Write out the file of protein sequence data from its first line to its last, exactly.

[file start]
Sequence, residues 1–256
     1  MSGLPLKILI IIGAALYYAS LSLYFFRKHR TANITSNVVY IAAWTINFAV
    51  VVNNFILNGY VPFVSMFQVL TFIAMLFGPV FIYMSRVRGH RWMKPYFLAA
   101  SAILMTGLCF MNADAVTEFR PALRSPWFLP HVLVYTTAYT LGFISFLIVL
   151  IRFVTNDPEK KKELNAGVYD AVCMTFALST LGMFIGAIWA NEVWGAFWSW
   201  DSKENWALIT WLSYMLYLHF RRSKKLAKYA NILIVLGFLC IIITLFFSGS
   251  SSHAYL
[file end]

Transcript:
Sequence, residues 1–256
     1  MSGLPLKILI IIGAALYYAS LSLYFFRKHR TANITSNVVY IAAWTINFAV
    51  VVNNFILNGY VPFVSMFQVL TFIAMLFGPV FIYMSRVRGH RWMKPYFLAA
   101  SAILMTGLCF MNADAVTEFR PALRSPWFLP HVLVYTTAYT LGFISFLIVL
   151  IRFVTNDPEK KKELNAGVYD AVCMTFALST LGMFIGAIWA NEVWGAFWSW
   201  DSKENWALIT WLSYMLYLHF RRSKKLAKYA NILIVLGFLC IIITLFFSGS
   251  SSHAYL